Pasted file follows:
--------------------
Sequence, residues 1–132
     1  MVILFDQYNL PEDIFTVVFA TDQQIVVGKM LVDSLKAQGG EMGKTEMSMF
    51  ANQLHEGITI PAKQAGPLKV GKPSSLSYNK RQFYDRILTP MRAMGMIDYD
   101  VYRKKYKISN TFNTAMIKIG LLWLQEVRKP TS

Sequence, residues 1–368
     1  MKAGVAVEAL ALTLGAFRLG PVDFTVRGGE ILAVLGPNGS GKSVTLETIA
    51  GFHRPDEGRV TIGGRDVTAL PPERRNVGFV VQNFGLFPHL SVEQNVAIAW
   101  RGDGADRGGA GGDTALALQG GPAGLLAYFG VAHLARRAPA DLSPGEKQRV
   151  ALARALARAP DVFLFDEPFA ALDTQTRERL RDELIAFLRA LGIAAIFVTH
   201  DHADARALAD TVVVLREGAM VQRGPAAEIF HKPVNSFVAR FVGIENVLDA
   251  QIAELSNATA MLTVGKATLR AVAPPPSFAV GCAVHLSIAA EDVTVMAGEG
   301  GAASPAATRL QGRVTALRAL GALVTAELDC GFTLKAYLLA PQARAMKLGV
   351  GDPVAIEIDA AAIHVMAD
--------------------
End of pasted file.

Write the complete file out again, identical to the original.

Sequence, residues 1–132
     1  MVILFDQYNL PEDIFTVVFA TDQQIVVGKM LVDSLKAQGG EMGKTEMSMF
    51  ANQLHEGITI PAKQAGPLKV GKPSSLSYNK RQFYDRILTP MRAMGMIDYD
   101  VYRKKYKISN TFNTAMIKIG LLWLQEVRKP TS

Sequence, residues 1–368
     1  MKAGVAVEAL ALTLGAFRLG PVDFTVRGGE ILAVLGPNGS GKSVTLETIA
    51  GFHRPDEGRV TIGGRDVTAL PPERRNVGFV VQNFGLFPHL SVEQNVAIAW
   101  RGDGADRGGA GGDTALALQG GPAGLLAYFG VAHLARRAPA DLSPGEKQRV
   151  ALARALARAP DVFLFDEPFA ALDTQTRERL RDELIAFLRA LGIAAIFVTH
   201  DHADARALAD TVVVLREGAM VQRGPAAEIF HKPVNSFVAR FVGIENVLDA
   251  QIAELSNATA MLTVGKATLR AVAPPPSFAV GCAVHLSIAA EDVTVMAGEG
   301  GAASPAATRL QGRVTALRAL GALVTAELDC GFTLKAYLLA PQARAMKLGV
   351  GDPVAIEIDA AAIHVMAD